5. Chant "U-S-A!" during a match with no American participants - Another interesting selection here. Truth be told, I will give the live crowd some slack on this. Yeah, all of us diehard wrestling fans know the birth cities, ages, and (seemingly) entire life stories of WWE Superstars. However, the internet wrestling community is BY FAR the minority of the WWE Universe. By far. Your average, casual fan has no idea where each guy is from or any details. They just want to watch wrestling. Now if it is clearly a foreign character, distinctly in the story line, or well known (Bret Hart, Paige, Sheamus, Bad News Barrett, Rusev, etc), then yeah - please no "U-S-A!" chants. Please.
6. Chant "Goldberg" at Ryback - Agreed. Why not take all that energy and just simply boo the man out of the building? React like Ryback is Vickie Guerrero and boo her SO LOUD each week it catches on? If you think he sucks, then chant RYBACK SUCKS as loud as you can! Send the message to WWE you do not want to sit through his weekly matches against local talent. Speaking from 2012, obviously. Nope, instead it was the pointless 'look at me' attention seeking fans who wanted to (once again) look to the past instead of move forward. My suggestion? Turn your back or just use the bathroom if you really did not care. Same with the "Sexual Chocolate" chants at the best heel in WWE during Fall 2011. Mark Henry did not deserve that and easily moved past his 1999/2000 gimmick...but there it was over a decade later. Recently, even golden boy Bray Wyatt got the treatment. In his huge debut segment on Raw last year, some goons in the arena tried to start up a "Husky Harris" chant. So beyond laughable and NOT in a good way. Purposely sabotaging the program and hurting new talent, all to act 'cool' for the smarks who care. You want change? You want new talent? You want your precious indy darlings pushed? Then when they do appear, you chant their former gimmick name just to get yourself over and NOT the talent. So counter productive it is not even funny. Needless to say, I am with WWE on this 100 percent.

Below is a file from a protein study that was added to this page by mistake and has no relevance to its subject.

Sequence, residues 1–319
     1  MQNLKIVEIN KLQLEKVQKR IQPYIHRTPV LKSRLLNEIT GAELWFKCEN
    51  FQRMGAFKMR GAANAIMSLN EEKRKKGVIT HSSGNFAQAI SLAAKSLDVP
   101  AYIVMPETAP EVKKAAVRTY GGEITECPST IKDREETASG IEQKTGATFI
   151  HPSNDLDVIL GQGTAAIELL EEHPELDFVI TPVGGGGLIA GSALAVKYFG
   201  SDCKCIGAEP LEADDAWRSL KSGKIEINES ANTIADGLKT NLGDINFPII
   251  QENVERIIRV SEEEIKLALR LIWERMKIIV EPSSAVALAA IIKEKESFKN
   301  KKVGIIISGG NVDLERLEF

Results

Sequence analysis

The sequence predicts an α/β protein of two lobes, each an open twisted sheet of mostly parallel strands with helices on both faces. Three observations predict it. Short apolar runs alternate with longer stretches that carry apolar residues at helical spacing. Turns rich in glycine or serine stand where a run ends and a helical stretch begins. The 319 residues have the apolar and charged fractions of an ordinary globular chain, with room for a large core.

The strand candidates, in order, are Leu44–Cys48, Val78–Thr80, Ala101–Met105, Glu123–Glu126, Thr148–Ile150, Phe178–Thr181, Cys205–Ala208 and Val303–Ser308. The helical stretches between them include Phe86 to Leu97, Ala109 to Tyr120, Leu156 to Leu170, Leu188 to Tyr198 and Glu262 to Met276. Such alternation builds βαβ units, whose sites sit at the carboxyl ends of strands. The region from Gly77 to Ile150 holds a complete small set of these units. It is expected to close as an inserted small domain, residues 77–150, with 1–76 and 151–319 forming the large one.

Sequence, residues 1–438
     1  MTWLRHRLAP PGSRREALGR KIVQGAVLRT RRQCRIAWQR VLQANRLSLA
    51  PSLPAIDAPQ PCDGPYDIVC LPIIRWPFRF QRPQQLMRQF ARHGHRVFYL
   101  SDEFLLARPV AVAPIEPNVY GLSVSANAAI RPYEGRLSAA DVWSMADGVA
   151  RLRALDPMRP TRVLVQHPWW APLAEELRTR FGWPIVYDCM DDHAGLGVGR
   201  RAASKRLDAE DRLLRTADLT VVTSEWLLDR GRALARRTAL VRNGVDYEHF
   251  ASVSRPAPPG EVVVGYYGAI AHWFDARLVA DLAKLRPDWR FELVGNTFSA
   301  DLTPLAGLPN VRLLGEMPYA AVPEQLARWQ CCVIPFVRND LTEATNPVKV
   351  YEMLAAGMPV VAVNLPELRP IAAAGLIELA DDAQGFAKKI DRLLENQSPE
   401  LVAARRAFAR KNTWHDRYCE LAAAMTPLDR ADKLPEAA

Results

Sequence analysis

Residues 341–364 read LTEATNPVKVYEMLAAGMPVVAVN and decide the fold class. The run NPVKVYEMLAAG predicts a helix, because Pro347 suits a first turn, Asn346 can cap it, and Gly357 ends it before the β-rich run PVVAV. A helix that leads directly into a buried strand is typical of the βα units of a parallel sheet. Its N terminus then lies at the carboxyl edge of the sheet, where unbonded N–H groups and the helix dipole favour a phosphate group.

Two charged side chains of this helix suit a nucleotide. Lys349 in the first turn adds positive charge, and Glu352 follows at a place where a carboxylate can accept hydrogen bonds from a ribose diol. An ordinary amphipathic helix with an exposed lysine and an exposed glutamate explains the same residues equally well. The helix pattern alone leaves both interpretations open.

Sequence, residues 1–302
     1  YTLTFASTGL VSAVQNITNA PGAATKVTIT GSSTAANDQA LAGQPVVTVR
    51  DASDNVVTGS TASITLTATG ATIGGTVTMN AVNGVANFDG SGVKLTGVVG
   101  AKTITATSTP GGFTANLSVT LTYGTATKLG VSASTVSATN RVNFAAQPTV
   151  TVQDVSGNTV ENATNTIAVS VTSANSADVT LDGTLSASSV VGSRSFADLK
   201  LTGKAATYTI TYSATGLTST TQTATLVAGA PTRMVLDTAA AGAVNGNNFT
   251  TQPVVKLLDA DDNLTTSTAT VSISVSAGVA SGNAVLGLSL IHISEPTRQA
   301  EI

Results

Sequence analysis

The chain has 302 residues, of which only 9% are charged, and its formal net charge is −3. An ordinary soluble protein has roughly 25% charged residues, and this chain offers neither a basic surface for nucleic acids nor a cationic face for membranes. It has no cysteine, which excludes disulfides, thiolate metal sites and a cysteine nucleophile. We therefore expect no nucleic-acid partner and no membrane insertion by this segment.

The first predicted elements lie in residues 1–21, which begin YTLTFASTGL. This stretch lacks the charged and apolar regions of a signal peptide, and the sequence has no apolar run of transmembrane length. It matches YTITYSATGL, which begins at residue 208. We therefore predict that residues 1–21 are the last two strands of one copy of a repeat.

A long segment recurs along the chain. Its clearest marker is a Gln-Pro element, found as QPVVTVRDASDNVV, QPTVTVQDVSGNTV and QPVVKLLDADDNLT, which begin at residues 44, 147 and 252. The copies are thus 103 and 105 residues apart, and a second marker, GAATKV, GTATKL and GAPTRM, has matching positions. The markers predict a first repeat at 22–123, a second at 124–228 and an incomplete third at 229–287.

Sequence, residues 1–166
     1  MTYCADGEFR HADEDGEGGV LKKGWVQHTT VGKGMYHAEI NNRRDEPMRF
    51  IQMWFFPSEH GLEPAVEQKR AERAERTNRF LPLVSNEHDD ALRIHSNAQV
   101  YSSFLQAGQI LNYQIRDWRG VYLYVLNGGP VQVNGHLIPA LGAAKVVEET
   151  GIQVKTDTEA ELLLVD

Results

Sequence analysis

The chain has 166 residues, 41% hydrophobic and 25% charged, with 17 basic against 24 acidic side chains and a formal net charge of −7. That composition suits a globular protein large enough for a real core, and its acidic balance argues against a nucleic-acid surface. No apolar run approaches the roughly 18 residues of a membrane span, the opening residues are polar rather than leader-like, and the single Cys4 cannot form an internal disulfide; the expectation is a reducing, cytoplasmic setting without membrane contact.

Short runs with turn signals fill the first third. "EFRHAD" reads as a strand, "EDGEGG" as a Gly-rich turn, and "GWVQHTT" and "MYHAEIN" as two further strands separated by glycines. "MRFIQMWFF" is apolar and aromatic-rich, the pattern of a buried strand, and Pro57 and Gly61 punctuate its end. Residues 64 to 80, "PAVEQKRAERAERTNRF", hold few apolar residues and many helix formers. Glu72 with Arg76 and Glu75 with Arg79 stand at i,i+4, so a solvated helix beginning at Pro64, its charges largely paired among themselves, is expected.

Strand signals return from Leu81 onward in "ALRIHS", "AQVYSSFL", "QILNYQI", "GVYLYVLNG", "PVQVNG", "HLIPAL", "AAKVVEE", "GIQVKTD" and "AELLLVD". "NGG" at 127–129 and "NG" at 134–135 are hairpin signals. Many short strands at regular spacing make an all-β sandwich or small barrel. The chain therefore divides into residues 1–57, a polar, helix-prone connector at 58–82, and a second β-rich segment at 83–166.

7. Block the dude behind you with your sign - Basic courtesy here and plain common sense. I know, not exactly well known with wrestling fans. Still, the point stands. No matter what kind of public setting it is, keep an eye out for others. No long winded reply needed.
8. Meet a Superstar and call him/her by their birth names - Yeah, this is always tricky. Wrestlers have spoken on this in the past. I do not know The Undertaker. I have never met him, nor do I have any insight whatsoever on his personal life. Thus, if I ever met him, I would not be on a first name basis with the guy. If I called him Mark, it would come off strange. Same with calling Triple H Paul, or calling Dean Ambrose Jonathan or whatever. I do not know these guys outside of watching them on television with their character names. Every time I met a WWE Superstar, I either used their character names or just said "sir." With a WWE Diva, it was "mam." Can not go wrong there.
9. Get blocked by a Superstar on Twitter - Never had it happen to me. Why? Because I am not a clown online who hides behind a fake username/avatar and insults others, calls the wrestlers names, curses at them, swears obscenities, and does the whole 'tough guy on the internet' routine. If you fall under this category and have been blocked by a WWE Superstar on Twitter, just a hunch - you deserved it. Just a hunch...
Hey, if you do not want to listen to me and odds are you will not, how about we go to Cesaro? Everyone reading this loves him, right? Well, in a recent interview, here is what Cesaro had to say about the worst part of social media:
"People hide behind fake names to Tweet negative comments and I hate that. If you have something to say, own up to it."
Well said sir.
10. Shout during a moment of silence - Last on the list and no doubt the worst offense a wrestling fan can commit. If you did this and I rented out the arena that night, you would be thrown out immediately.
That concludes the top ten "Fouls Of Fandom," according to WWE. Some were silly, some were common sense, and others were actually pretty accurate.
Thanks for reading. How many 'rules' do YOU break as a wrestling fan? Let me know in the comment section!